The cops took him there deliberately to torpedo the case as much as possible. Now that the booze is out, good luck with recklessness!

The judge did not dismiss any charges, Brizzi dismissed.

Shootin' Buddy

alath said...

Sorry, but no way this was unintentional.

The DUI lawyers are all over these kind of procedures, and if there in anything cops know it's how to process a drunk driver to make it nice and lawyer-proof.

If anyone says this was a whoops, I want to see how many non-police DUI cases have been dropped due to improper specimen collection in the past 5 years. If the process only gets botched once, and that once "just happens" to involve one of the participants in the process, I'm calling BS.

Will said...

What? you all act surprised. You expected something different? I may have a bridge You might be interested in purchasing.

Anonymous said...

This is why it's always better to let an outside agency (State Police) handle these things. Big shots save face, lets union officers save face, lets justice run it's true course.

Even if it was a real honest screw up, no one will believe it.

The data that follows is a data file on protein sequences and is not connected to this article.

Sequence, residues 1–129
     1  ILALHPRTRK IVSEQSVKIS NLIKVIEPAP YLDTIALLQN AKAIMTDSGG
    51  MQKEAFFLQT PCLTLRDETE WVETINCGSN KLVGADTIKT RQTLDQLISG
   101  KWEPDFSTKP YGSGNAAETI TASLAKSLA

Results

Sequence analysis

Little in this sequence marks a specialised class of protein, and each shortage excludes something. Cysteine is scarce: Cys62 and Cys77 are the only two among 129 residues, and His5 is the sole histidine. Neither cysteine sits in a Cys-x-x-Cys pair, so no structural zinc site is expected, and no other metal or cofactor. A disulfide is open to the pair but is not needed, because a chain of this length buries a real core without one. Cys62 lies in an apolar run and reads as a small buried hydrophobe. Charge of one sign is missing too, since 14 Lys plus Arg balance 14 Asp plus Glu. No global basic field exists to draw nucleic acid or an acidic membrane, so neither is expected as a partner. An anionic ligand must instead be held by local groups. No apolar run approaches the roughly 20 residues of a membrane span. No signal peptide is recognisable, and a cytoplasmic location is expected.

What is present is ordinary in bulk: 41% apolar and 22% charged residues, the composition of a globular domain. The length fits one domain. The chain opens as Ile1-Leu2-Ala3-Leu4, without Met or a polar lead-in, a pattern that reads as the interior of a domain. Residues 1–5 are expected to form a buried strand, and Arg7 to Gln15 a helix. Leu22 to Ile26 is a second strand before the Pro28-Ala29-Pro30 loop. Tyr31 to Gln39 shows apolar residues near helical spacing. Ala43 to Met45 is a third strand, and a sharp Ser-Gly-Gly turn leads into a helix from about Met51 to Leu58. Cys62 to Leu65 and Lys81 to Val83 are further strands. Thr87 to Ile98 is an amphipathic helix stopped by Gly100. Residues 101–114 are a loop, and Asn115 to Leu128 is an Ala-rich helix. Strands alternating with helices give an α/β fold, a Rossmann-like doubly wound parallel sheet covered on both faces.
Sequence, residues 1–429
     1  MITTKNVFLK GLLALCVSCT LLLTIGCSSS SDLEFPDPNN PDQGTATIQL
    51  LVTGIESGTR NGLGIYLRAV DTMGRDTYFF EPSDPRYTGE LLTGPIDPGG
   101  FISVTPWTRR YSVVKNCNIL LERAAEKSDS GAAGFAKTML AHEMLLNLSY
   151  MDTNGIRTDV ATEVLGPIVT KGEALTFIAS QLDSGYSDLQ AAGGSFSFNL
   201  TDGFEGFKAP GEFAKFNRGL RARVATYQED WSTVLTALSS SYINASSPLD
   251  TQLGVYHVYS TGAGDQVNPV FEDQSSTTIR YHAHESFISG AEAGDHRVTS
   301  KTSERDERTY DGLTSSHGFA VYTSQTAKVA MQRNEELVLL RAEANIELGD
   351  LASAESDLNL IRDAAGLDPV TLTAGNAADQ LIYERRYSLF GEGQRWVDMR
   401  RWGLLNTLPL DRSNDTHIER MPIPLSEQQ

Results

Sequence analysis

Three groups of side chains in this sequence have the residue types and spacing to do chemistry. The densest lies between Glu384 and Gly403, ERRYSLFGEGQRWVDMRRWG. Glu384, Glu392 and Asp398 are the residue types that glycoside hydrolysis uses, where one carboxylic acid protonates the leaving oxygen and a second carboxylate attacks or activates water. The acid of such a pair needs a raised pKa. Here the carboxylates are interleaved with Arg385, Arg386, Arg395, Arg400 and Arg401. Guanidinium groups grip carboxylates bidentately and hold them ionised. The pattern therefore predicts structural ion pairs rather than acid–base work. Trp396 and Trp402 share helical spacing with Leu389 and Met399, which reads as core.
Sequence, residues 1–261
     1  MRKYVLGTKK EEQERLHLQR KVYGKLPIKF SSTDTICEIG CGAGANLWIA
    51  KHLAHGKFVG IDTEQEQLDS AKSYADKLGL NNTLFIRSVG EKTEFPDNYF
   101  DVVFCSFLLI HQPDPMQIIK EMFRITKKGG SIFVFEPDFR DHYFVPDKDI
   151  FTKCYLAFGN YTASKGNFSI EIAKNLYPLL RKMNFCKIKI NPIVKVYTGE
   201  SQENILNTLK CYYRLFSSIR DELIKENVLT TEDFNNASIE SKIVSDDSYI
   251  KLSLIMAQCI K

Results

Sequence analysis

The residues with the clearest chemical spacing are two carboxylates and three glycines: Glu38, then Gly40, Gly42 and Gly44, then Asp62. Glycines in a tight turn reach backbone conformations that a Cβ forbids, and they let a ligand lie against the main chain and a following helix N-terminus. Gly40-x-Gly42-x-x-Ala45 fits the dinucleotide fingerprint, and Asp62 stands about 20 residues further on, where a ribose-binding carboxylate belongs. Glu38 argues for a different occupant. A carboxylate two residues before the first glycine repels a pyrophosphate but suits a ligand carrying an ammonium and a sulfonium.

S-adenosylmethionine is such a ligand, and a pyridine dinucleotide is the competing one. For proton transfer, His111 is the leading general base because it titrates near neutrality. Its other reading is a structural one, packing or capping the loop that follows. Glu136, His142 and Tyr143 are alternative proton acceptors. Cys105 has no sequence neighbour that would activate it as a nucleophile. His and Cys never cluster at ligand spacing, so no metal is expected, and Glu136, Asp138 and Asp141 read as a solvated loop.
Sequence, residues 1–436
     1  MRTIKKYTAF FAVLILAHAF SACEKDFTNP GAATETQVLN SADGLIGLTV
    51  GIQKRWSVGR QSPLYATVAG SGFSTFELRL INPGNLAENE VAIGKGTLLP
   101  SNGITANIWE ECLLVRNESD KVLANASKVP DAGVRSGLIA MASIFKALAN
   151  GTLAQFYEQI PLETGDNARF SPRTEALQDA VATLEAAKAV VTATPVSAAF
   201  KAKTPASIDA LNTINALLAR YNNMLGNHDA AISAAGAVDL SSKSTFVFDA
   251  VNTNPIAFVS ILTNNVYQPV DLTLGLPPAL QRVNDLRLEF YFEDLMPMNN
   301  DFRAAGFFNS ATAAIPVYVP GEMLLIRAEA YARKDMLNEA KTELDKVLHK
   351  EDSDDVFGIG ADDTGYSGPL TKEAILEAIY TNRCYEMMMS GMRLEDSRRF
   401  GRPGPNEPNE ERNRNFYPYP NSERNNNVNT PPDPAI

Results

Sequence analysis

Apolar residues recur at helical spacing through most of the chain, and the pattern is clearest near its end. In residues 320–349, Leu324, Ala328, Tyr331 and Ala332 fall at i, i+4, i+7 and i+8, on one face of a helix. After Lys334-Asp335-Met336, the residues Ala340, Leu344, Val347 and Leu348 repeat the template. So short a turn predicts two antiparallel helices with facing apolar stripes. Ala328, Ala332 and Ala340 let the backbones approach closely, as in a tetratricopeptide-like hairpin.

Very sad for everyone

Jeff said...

Sadly I'm not at all surprised that they screwed it up. But then again I live in Vegas and metro is the worst police dept I've ever witnessed in action.

They have been averaging about 1 dead/murdered citizen ever 6 months since I moved out here. They had 2 within a few weeks about a month or so ago.

Anonymous said...

FBI just announced that they are beginning an investigation into IMPD.

Apparently the intentional torpedoing and cover up of the Bisard case was too much even for the feds.

Ferret Face (Brizzi) was just on television telling us how "maybe blood test can be used" for the Reckless Homicide. Yeah, right, FF.

Oh, it just came out that it was not a "felony warrant" but Bisard was going to help serve a misdemeanor warrant.

Way to go GIMPs!

Shootin' Buddy

Ian Argent said...

Sadly I'm not at all surprised that they screwed it up. But then again I live in Vegas and metro is the worst police dept I've ever witnessed in action.

They have been averaging about 1 dead/murdered citizen ever 6 months since I moved out here. They had 2 within a few weeks about a month or so ago.

I blame CSI

Anonymous said...

"This is why it's always better to let an outside agency (State Police) handle these things."

State police...

...are still police.

I'm really not seeing any difference.

Tam said...

Anon. 10:55,

"I'm really not seeing any difference."

The problem with intra-agency is that you run the risk of someone thinking "This isn't just a 'perp', this is Fred. I know him. It wasn't his fault. He's a good guy. Maybe he just made a mistake."

This is why in large corporations, somebody from corporate HQ out of state comes in to do hatchet man work: They need someone that has no emotional investment with the subjects as people.

Anonymous said...

"They need someone that has no emotional investment with the subjects as people."

I see the logic, but I think it no longer applies. They may not see Fred but they will see a Brother in Blue.

It's us they don't recognize as people.